Do you use the same workflow for scenes that are more acting focused versus scenes that are more action oriented, or do you have a different process for each?
Fundamentally, yeah, the workflow is pretty similar because it all comes down to preparation. But in this case, I start by listening to the dialogue....over and over and over again. I look for anything that might give me a clue to the best way to approach the shot. I'll write down the dialogue and start marking where the beats are, the inflections, the pauses...any breaths, lip pops...anything that can add an additional layer to the character. This is also when I'll start some sketching and I'll rely more on my video reference initially to catch the subtleties that I wouldn't otherwise sketch out.
One thing that I've really come to enjoy is editing different pieces of video reference together to see how certain things in multiple takes play together. I'll shoot a minimum of 5-10 takes on any particular shot. There's always the possibility that more than one of those will have bits and pieces that I want to incorporate into the final piece. Looking over the video reference, I'll start to break down the actions, trying to find out what part of the body is the driving force behind the movement. More often then not it's the hips that are motivating the movement.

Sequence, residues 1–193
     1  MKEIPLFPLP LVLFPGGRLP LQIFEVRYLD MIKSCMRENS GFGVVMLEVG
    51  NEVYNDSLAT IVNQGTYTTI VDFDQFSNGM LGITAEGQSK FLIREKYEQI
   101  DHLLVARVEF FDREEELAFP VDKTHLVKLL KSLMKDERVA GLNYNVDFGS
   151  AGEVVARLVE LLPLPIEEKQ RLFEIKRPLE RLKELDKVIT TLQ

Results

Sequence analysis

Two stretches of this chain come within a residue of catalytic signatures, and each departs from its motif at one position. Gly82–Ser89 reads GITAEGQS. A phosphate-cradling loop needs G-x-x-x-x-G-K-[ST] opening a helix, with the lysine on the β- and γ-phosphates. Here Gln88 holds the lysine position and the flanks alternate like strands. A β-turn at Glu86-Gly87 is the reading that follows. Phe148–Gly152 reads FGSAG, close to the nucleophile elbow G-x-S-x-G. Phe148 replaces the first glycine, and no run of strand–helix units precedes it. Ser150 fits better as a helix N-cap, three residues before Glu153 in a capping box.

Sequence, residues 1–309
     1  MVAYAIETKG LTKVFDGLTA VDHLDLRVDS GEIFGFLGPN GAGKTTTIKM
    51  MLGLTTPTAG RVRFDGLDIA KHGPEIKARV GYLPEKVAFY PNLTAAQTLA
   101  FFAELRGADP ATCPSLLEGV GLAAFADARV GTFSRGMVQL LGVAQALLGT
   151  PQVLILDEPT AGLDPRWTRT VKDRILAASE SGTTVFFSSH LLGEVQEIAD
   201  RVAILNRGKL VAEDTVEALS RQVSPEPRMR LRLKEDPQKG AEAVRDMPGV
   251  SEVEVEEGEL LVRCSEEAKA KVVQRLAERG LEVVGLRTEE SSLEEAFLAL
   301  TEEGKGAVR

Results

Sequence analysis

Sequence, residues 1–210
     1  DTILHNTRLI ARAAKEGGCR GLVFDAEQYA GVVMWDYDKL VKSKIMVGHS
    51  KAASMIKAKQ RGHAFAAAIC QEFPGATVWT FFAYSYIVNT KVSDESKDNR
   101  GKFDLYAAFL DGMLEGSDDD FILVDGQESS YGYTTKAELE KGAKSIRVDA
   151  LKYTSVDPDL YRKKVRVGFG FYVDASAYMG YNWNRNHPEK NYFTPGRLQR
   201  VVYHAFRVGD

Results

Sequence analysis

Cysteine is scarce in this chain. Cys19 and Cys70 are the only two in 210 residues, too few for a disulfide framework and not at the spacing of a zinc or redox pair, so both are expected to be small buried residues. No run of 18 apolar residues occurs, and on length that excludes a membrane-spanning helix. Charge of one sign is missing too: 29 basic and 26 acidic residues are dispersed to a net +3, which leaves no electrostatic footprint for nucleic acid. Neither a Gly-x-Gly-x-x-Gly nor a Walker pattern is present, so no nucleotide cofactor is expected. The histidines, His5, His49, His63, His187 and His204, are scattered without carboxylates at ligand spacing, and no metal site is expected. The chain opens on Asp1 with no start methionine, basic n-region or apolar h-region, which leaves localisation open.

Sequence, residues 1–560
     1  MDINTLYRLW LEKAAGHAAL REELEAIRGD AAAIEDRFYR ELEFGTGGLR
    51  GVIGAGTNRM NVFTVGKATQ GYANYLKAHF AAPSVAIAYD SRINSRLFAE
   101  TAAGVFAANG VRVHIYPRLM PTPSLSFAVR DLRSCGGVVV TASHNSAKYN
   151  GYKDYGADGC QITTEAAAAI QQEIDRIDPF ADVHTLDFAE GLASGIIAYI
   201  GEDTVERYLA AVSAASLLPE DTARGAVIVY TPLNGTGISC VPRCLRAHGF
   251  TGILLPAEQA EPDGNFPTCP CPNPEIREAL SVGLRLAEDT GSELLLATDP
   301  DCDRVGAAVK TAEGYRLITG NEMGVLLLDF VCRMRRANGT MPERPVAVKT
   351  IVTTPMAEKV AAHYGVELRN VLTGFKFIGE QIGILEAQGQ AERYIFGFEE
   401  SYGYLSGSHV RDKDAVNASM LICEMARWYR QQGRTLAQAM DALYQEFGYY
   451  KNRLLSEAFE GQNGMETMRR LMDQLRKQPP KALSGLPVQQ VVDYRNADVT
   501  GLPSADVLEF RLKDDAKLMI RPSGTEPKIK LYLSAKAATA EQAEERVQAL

One of the things I do after I've gone in and done my blocking is to start splining out my hip controller. It helps me start to feel the timing and the weight. I also hide geometry that isn't needed on the character. There's a tool we have in-house that is a shortcut for "isolate selected" in Maya. If I'm focusing on the core of the character, I'll hide the arms and sometimes the legs so I can focus on the simple shapes of the torso, kinda reminds me of the flour sack animation tests. The thing I have to keep in mind when I'm "turning off" geometry is to make sure I keep in mind what those hidden parts are supposed to be doing. I have gotten to pre-occupied with what is on screen that when I show all of the character, things can feel somewhat unconnected. Once again, it all comes down to trying to have as clear an idea of what I want before I even start setting any keys in Maya.
Guest Blogger Matthew Russell